Event Abstract

Neurological rehabilitation of a patient with unrelenting head pain associated with post-concussive syndrome.

  • 1 Georgia Chiropractic Neurology Center, United States
  • 2 Carrick Institute, Neurology, United States
  • 3 Life University, United States

Background: A twelve Year old male patient presented to the Georgia Chiropractic Neurology center following his third traumatic head injury. He presented with unrelenting dull, aching, and sharp pain located in the head, the dull aching pain was “all over”. This pain was constant and rated as a 7 out of 10. Intermittent sharp pain was on both sides of his head and was rated as a 10/10. Sneezing, loud noises, and looking at screens such as a television or a computer caused the pain to go from a 7/10 to above a 10/10. The patient was light sensitive, sound sensitive, had stomach pains, vertigo, and blurry vision making reading impossible. Bright lights would induce diplopia (the patient described this as seeing many lights appear around one light source). The first head injury occurred when the patient fainted, hit his head on a desk and fell out of the chair hitting his head on the floor rendering him unconscious. The second head injury happened when the patient fell on the playground hitting his head, knocking himself out. The third incident, which brought him into the office, occurred when he fell and hit the anterior right portion of his head on concrete. Methods: The patient became nauseous during VNG (Videonystagmography) testing; this is a method of graphing out the speed and accuracy of a multitude of eye movements. He reported the world going right and thought he was falling to the right. During spontaneous nystagmus the patient had upward and rightward drifting of the eyes as well as convergence. During leftward gaze the patient had vertical oscillations, right gaze exposed torsion and horizontal oscillations. Pursuits, saccades, and optokinetics induced convergence and increased all of his symptoms. Patient had an aversion response to the light during a pupillary light response test. When the patient was stuck by a reflex hammer with force and speed on the thenar region his thumb would go into persistent spasm, percussive myotonia. Piano test where the patient wiggled his fingers as if playing a piano was slower on the left. Pincer test was slower with decreased amplitude and freezes on the left. Dysdiadochokinesia on the left with alternating elbow supination and pronation was present. The patient laterally flexes bilaterally during gait which is improved by dual tasking (having the patient repeat every other month of the year), however with dual tasking the patient developed a shuffling gait and experienced freezes. With cervical compression the patient developed pain over his entire head which was described as a higher than 10/10 pain. Trigger points were apparent in the left sub-occipital muscles and left scalene muscles. Under CAPS analysis the patient scored a 75 when standing on a perturbed surface with his eyes open, mid 60’s with eyes closed and head in rotation or flexion down to a 45 with his eyes closed and head in extension on a perturbed surface. Before treatment began the patient was sneezing every 10 seconds causing debilitating pain. Initial treatments were performed in a dim room with the patient wearing sunglasses. Complex movements of the limbs (figure eights) were attempted but they caused the patient to go into convergence and increased all of his symptoms. Passive Yes-Yes and No-No gaze stabilization exercises were attempted but they caused the patient to go into convergence and increased all of his symptoms. Due to the increase of pain and convergence, treatment was modified to consist of a single pass of a horizontal pursuit followed by a one minute rest before repeating. More than one pursuit at a time would cause a convergence and an increase in symptoms. During visit’s 6-7 the patient would only sneeze once every 15 minutes and was able to remove his sunglasses without an increase in symptoms. At this point 3 consecutive pursuits were possible without an increase in symptoms. 14 visits into care tonotopic mapping was added to the treatment plan. When initially attempting to locate an auditory stimulus the patient was grossly inaccurate. With eyes closed when asked to point at a noise coming from his waist he would point directly above himself, when noise came from the right he would point to the left. Sound localization therapy was continued over several visits until he became accurate with a randomized stimulus in all quadrants. The patient was given saccade and anti-saccade exercises as well. 27 visits into care Interactive metronome exercises with the feet were started. Myofascial work was able to be tolerated below T6 at this point, however fascial treatments applied above T6 would cause convergence and head pain. Additional eye therapy’s were added including, simultaneous eye nose saccades, and eye saccades with a simultaneous nose anti saccade. At visit 50 the patient was able to tolerate myofascial work on the neck and was given home therapy consisting of all eye exercises performed in the office. Results: After approximately seven months of treatment consisting of 68 visits, the patient reported a 0/10 head pain with no exacerbations of pain or convergence by any stimulus that had previously increased symptoms. Cervical compression does not cause pain in the patient, and the patient was able to return to school with no restrictions. Post CAPS testing did not show an improvement. Post testing through the VNG revealed normal ocular motility and did not induce nausea or vertigo. Conclusion: In conclusion, several conservative methods for rehabilitation with post concussive syndrome have shown to be effective in this patient. Further research is warranted to explore efficacy and reliability of the therapies provided to help other patients who display similar pathology.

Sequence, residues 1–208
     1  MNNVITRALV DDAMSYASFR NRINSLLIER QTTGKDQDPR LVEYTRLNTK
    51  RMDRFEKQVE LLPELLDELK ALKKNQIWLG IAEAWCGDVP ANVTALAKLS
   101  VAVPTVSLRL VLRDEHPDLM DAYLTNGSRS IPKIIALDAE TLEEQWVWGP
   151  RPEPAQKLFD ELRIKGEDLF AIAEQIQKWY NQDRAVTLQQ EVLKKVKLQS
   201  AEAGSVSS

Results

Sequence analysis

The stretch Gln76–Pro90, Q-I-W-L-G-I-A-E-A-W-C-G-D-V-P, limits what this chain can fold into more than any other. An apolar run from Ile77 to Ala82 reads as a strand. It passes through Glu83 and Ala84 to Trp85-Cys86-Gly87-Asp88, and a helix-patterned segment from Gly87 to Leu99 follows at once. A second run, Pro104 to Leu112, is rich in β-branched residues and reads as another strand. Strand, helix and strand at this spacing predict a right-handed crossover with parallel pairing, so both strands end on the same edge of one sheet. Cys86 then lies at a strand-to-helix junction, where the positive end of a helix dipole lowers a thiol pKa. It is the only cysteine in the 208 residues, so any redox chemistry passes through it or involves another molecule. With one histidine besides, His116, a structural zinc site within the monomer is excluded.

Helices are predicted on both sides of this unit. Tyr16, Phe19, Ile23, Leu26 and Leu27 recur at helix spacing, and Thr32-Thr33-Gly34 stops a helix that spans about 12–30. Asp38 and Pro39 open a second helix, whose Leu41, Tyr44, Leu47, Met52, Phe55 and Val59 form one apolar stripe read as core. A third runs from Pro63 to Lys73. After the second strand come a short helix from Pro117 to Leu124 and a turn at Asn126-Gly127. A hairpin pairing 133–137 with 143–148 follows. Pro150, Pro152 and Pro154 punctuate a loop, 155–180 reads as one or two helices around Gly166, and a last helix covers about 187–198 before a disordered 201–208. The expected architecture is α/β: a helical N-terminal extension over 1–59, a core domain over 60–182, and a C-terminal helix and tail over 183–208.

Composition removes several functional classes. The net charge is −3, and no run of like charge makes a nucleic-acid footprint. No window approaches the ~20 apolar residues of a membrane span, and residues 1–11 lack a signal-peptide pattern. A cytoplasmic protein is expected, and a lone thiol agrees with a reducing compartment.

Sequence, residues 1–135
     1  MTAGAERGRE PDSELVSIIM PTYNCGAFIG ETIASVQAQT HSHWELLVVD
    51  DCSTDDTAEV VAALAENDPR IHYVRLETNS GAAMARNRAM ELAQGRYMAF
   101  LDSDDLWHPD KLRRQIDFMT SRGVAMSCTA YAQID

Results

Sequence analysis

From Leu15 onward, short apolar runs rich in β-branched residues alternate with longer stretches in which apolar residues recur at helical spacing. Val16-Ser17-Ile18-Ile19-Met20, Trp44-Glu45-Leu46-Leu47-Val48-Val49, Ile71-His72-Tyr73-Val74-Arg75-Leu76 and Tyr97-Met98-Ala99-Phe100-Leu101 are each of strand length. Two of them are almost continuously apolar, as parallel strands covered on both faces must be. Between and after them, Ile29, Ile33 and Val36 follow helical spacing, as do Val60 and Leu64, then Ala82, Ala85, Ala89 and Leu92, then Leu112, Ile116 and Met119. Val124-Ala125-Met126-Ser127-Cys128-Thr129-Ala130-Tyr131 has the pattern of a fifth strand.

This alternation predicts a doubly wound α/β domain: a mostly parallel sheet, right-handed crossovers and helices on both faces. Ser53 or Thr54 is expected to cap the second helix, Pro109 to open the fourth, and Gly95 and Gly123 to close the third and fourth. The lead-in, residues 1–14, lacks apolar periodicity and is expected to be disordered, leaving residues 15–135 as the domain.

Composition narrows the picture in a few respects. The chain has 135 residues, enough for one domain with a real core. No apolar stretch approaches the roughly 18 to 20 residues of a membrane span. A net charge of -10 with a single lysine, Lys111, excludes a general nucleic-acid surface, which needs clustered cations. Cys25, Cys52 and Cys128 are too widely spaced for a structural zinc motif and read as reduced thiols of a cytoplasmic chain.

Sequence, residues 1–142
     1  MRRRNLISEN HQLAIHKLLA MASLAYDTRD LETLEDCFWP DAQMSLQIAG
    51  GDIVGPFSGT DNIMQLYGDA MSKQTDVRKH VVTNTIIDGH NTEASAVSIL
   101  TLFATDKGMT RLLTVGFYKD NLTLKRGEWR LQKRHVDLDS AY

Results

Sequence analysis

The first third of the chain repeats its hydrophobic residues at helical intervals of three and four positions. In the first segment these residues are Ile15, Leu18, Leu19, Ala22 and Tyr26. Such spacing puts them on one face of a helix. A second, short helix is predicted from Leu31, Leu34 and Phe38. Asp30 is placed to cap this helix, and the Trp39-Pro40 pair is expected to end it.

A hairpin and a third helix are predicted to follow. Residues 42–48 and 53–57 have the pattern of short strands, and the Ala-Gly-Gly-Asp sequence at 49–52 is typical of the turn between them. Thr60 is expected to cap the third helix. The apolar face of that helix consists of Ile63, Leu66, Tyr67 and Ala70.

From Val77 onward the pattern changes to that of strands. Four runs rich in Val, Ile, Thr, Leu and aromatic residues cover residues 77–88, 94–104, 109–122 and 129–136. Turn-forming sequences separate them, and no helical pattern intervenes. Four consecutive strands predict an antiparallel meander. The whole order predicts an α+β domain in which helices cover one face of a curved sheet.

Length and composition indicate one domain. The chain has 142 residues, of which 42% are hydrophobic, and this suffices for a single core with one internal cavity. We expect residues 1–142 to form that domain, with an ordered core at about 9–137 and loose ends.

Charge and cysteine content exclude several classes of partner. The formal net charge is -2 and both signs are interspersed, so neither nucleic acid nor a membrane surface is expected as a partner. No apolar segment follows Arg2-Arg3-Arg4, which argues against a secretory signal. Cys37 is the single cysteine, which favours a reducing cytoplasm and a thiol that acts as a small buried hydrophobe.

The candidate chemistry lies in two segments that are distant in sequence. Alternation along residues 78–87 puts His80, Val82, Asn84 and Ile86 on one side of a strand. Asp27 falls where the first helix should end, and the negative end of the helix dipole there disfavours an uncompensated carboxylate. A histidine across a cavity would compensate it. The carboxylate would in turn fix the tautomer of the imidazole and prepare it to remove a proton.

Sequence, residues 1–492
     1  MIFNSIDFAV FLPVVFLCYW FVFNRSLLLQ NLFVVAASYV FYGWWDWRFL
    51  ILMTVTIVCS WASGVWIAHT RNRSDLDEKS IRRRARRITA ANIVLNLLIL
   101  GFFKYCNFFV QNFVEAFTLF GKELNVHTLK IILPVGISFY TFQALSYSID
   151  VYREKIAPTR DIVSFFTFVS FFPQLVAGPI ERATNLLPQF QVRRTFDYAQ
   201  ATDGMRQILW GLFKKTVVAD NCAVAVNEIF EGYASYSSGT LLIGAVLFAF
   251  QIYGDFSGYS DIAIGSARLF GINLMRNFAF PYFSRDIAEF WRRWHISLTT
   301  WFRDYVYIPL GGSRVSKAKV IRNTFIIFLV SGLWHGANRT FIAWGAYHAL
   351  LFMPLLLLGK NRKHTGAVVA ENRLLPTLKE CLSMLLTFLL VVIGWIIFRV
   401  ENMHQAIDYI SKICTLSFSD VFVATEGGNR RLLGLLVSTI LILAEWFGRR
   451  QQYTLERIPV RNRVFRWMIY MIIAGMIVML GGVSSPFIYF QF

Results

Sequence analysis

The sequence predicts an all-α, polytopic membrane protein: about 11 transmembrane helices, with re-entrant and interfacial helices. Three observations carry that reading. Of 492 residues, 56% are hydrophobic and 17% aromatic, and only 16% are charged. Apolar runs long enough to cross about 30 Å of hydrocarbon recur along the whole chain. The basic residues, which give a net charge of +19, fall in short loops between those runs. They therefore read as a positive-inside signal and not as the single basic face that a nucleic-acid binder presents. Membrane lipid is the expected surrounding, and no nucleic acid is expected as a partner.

Keywords: post concussive syndrome, light sensitivity, Noise sensitivity, concussion rehabilitation, EYE MOVEMENT

Conference: International Symposium on Clinical Neuroscience: Clinical Neuroscience for Optimization of Human Function, Orlando, United States, 7 Oct - 9 Oct, 2016.

Presentation Type: Poster Presentation

Topic: Abstracts ISCN 2016

Citation: Ellis M, Arkin JE and Esposito S (2016). Neurological rehabilitation of a patient with unrelenting head pain associated with post-concussive syndrome.. Front. Neurol. Conference Abstract: International Symposium on Clinical Neuroscience: Clinical Neuroscience for Optimization of Human Function. doi: 10.3389/conf.fneur.2016.59.00046

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Received: 30 Aug 2016; Published Online: 07 Sep 2016.

* Correspondence: Dr. Marc Ellis, Georgia Chiropractic Neurology Center, Roswell, Georgia (GA), 30076, United States, healthybrainnow@gmail.com